Contesting Information

What is it about contesting that challenges the amateur radio community?

Starting in a contest, sitting down in that radio chair and firing up the equipment is like starting an adventurous journey. You travel with the waves that cross the globe – along the ionospheric layers and through the aurora belts You are fighting with all kinds of natural and man made phenomena on the way. Reaching across continents and oceans with power that is comparable to an electric heater, desk lamp or even a flashlight is nothing short of magic.

DXing is like going after a trophy fish, you keep at it until you catch that elusive fish or DX country. Contesting is like a fishing tournament, you go fishing during a specified time period and try catch as many fish (or specific type of fish) during that time period or have contacts on the air instead. Ham radio contesting is a sport. Each contest has its own rules and personality. What they all have in common is a blend of strategy, skill and endurance. But what makes ham radio contesting so unique is that the “pros” play with the “contesting beginners” too. It’s the thrill; the challenge.

Contesting is no different than drag racing from one traffic light to another… except its legal and safer. Human nature is driven by competing. Not only with others but with one’s self. Ham communications is fairly docile, but in a contest, not only do you try to beat your peers, but you compete with your past scores. You alone retain the most satisfaction by beating past scores. And you get bragging rights when you gazump your peers. It’s the nourishment of the best in human nature!

The more who participate, the better the experience for everyone. It’s a great way to discover the true potential of your equipment and your own operating skills. Once the contest is under way we find out how our equipment is performing and how our skills help us battling in the landscape of the ionosphere. Our paths cross with our buddies from the contesting community from all parts of the globe, as well as newcomers and casual participants. We compete against the others and try to improve our scores from previous contests. And the bonus is that we may pick up a few new countries in the process.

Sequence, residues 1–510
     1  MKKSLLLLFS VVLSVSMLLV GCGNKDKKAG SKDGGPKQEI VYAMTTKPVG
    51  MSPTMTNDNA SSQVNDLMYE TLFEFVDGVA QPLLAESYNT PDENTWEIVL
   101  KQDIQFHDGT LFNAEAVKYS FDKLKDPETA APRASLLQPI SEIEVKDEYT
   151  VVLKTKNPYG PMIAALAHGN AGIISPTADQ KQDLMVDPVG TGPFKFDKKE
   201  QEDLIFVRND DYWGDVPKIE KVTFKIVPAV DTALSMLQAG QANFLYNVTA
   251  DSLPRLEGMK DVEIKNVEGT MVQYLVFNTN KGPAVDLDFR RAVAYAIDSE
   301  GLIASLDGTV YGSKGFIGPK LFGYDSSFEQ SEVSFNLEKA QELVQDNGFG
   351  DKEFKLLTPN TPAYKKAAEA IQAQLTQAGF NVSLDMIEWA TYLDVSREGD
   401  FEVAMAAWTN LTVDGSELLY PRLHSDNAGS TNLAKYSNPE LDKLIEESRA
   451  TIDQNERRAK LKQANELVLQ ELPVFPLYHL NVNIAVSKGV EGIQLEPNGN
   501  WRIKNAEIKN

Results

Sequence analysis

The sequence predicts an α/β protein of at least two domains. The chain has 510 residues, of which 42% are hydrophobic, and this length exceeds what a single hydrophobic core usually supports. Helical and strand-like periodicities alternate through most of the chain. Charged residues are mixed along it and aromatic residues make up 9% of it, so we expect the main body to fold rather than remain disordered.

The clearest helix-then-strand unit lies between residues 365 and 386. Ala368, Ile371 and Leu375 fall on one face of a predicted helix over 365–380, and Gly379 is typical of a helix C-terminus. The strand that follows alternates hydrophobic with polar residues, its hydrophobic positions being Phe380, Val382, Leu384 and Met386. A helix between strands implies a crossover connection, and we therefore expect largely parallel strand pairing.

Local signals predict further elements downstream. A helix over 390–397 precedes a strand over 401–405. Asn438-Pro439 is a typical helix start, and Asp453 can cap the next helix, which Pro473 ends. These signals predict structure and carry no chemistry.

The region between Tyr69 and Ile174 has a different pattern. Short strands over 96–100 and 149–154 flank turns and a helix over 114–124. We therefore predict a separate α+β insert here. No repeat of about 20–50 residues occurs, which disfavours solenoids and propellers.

Below are some excellent links to Contest Information and software, Compliments of AC6V’s fantastic website.

 Amateur Radio Contesting Resources and Information

Forthcoming contests operations are included in the tables linked-to below. For operations in contests that have already taken place (1996+), use the menu provided under “Operations for Previous Contests“. For operations in the forthcoming smaller contests for which I don’t create dedicated tables and for operations that are not contest oriented, check the Announced DX Operations (ADXO) table.

Operations in Specific Forthcoming Contests



These are Web pages specifically designed for and dedicated to a single contest. Typically, they include more than just an announcment or rule list for a single year (which can almost always be found in the better “Contest Calendars”). These pages may contain (or provide links to) such items as Contest: History; Records; Results; County Names/Abbreviations; Logging Programs, etc. Ideally, they’re a single “point-of entry” from which one can find “everything you ever wanted to know” about a particular contest and are well maintained and up-to-date. Kudos to the pioneers who have created and are maintaining these pages! I believe the Asia-Pacific Sprint offer excellent models for contest Web pages.



73, Lee ZL2AL and the ZM4T Contest Team

Back to top^